Anyone who considers, as one very eminent critic did, this comment to be unfairly dismissive, should read the excellent speech of 16 October 1981 by Mr McGeorge Bundy, Survival. January/February 1982. This is one of many opinions to the effect that the NATO decision to deploy intermediaterange missiles in Europe was not so much a logical military response to the perceived threat of the SS 20 as a political reaction to Allied apprehensions that were incorrectly diagnosed.Google Scholar
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    This argument has been again criticised as unfair. So it is if British rationalisations about the supposed increase in the Soviet threat resulting from the installation of SS 20 missiles are accepted at their face-value. The argument is a subjective interpretation of human motives and not a proposition ever likely to receive documentary confirmation.Google Scholar
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    Statement on the Defence Estimates 1981. p. 66.Google Scholar
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    David Greenwood, The Polaris Successor System: At What Cost? Aberdeen Studies in Defence Economics. no. 16, Spring 1980.Google Scholar
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    Prime Minister, The British Strategic Nuclear Force July 198. (exchange of letters), Cmnd 7979 (HMSO, 1980).Google Scholar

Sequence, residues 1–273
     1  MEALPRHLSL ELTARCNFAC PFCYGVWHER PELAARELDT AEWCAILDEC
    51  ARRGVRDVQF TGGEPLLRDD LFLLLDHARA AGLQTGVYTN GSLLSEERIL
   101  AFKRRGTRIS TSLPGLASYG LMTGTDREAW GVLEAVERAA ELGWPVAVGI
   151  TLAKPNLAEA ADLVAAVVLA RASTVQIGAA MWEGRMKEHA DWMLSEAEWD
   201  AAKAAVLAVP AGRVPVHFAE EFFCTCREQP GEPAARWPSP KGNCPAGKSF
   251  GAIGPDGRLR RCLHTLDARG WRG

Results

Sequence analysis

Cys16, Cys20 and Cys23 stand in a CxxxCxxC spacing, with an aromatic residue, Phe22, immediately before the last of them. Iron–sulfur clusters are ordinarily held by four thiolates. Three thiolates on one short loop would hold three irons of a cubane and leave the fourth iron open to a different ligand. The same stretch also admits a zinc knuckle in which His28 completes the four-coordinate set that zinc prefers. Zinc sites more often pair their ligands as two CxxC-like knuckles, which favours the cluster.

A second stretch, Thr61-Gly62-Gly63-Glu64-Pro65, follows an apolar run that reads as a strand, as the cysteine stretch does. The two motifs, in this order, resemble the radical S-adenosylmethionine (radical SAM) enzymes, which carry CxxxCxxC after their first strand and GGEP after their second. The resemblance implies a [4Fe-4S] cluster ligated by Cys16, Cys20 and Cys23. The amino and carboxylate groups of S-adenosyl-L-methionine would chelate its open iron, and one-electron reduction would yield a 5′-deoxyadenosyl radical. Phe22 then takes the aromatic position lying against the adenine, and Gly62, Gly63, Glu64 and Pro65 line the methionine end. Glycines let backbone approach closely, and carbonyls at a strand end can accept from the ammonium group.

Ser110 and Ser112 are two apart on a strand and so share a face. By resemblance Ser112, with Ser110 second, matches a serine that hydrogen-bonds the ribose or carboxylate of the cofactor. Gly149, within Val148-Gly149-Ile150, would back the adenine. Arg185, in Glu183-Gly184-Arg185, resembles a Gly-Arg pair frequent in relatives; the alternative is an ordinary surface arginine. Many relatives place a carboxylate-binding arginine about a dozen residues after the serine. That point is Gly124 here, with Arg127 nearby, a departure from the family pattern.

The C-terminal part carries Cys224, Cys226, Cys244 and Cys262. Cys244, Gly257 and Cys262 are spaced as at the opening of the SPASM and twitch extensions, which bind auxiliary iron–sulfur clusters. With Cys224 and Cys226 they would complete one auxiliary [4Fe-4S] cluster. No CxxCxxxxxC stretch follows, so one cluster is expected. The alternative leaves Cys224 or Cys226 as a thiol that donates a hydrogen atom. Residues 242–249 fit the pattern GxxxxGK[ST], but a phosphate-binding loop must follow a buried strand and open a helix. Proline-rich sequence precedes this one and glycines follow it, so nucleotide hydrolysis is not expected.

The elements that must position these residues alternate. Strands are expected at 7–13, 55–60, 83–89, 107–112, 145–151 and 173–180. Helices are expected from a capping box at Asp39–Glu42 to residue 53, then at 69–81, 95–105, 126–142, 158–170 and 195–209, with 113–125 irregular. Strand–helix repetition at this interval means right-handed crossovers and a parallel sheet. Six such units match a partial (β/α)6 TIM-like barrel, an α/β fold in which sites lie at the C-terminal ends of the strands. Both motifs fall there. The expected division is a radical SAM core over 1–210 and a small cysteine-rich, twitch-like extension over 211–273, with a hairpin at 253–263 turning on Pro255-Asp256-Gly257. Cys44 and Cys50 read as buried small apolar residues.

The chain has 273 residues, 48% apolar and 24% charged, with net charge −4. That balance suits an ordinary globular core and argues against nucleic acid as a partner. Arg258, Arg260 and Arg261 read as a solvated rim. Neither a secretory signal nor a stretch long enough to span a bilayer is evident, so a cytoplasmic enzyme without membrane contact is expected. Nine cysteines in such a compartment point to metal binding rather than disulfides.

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    The British nuclear deterrent originally consisted of a free-falling bomb to be dropped from manned aircraft, the V-bombers. In 1962 ability to penetrate Soviet defences was enhanced by the introduction of blue steel, which allowed bombs to be released at a distance of 200 miles from their target. All these were British developments and the deterrent could then be regarded as fully independent. As early as 1957, however, the decision had been taken that reliable delivery would henceforth require missiles rather than manned aircraft and the blue streak project, a missile based on American designs, was adopted. This was cancelled, for technical reasons, in 1960, when the British government announced their intention of replacing it with an air-launched missile purchased from the United States: skybolt. When this was cancelled by the United States government in 1962, the British government arranged to buy American POLARIS-submarinelaunched ballistic missiles, fit them with British warheads and install them in British-built submarines. This arrangement was reached with some difficulty and gave rise to considerable controversy at home and abroad, but was continued by successor governments and the 4 strategic submarines were all operational by 1971. See Andrew J. Pierre, Nuclear Politic. (OUP, 1972).Google Scholar
  47. 50.
    A partial exception is the argument that ‘the size of the Trident submarine tends to be a disadvantage as far as nonacoustic detection is concerned, since most nonacoustic signatures are aggravated by increased body size’. Paul H. Nitze and Leonard J. Sullivan Securing the Sea. (Boulder, Colorado: Westview Press, 1979) p. 259.Google Scholar
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    James McConnell, The Interacting Evolution of Soviet and American Military Doctrine. (Alexandria, Virginia: Center for Naval Analyses, 1980).Google Scholar
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    Gowing, op. cit., p. 185.Google Scholar
  50. 53.
    Nigel Lawson, Financial Statement and Budget Report 1979–8. (HMSO, 1979) p. 11.Google Scholar

Copyright information

© James Cable 1983

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  • James Cable